JISHOU, HUNAN — With the National Holiday fast upon us, China’s net nannies have blocked yet another Internet service, the Tor proxy network, which had been pretty reliable until quite recently.
China typically blocks access to the World Wide Web around important national holidays, such the 60th anniversary of the founding the People’s Republic of China next Thursday. With so many sites blocked already (YouTube, Facebook, Blogspot, to name but a few), I guess the censors decided the surest way to cut off potentially inflammatory websites was to choke the Tor network off.
Of course, there are ways around the newest layer of bricks in the Great Firewall of China.
I noticed something was fishy when I tried to connect to Facebook using Tor. My Tor client couldn’t complete the connection to the network. My little onion stayed yellow, and never went to green.
Tor uses a decentralized network of proxies scattered around the world. The Tor client checks a list of active proxies (computers acting as go-betweens), then logs into the network using one or more of the proxies. An add-on to Firefox then switches Firefox over to use the proxy to access the WWW.
An active Tor connection displays a green onion icon in the Windows taskbar. A pending one shows a yellow onion. The icon refers to Tor’s “onion routing” of connections to make tracing difficult.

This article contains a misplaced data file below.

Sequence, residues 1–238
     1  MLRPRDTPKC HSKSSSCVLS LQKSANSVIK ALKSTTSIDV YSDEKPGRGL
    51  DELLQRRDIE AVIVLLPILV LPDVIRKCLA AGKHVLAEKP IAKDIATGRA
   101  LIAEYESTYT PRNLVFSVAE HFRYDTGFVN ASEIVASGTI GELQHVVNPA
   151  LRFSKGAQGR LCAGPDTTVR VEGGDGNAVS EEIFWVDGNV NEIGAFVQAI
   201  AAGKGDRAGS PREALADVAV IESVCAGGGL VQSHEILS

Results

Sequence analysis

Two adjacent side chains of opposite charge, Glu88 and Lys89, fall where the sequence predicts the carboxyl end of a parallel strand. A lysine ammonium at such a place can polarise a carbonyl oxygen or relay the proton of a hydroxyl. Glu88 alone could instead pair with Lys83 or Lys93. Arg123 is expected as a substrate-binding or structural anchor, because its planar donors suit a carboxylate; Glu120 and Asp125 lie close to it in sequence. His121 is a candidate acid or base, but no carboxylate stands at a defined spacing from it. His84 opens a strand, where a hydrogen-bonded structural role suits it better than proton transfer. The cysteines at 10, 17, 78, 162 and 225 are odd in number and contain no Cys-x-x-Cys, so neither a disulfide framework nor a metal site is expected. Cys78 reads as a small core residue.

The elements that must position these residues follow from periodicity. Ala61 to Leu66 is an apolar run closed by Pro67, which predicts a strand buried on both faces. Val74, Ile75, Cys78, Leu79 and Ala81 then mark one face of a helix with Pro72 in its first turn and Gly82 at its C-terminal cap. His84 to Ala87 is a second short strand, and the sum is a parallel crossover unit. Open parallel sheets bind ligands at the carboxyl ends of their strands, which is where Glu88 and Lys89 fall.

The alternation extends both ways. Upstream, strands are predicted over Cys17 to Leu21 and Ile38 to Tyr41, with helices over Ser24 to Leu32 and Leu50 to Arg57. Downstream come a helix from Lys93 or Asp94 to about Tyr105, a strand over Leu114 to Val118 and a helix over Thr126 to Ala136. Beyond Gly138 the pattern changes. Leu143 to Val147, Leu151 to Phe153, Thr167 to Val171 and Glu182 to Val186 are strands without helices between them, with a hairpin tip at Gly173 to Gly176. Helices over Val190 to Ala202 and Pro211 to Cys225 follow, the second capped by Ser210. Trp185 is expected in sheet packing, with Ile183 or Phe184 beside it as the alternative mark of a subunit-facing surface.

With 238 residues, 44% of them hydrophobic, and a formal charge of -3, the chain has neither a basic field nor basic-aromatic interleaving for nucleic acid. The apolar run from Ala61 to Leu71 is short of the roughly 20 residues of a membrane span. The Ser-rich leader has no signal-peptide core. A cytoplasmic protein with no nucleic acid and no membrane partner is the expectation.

Checking the Tor client’s message log, I discovered the client was only finding a few of the thousands of proxies on the network, and stalling in its search for more. A quick survey on Google confirmed my suspicions; China was blocking the Tor proxy network by choking off access to the public Tor proxy directory, for the first time since I’ve been here.
But, Tor designers prepared for such an eventuality. You can add “bridges” — unpublished proxies — manually to the Tor client’s network configuration. Once I discovered how to get the bridges, I was back in business checking out Facebook. (YouTube still remains off limits, because the Firefox add-on’s treatment of Flash. I can get to YouTube, but I can’t view the vids. I’ve been too lazy to try to fix it.)
To get three unpublished bridges, you have to send an email to “bridges [AT] torproject [DOT] org” using a Gmail account. Only Gmail messages are accepted, for security reasons. The subject line should be blank, and the message body should just say, “get bridges” (without the quotes). In less than a minute, the reply gives you three bridge IPs and brief instructions on what to do with them.
There is another Firewall hopper called “Freegate,” which I have not tried yet. Predictably, it is nearly impossible to download from within China right now, even by going to the CNET download site. Another web-based proxy, sneakme.net is likewise being blocked. It was accessible only a couple of weeks ago.
So far, Google, Wikipedia, and all Western news sites are still open without resorting to sneaky IP legerdemain. I am hoping the net nannies don’t get that paranoid.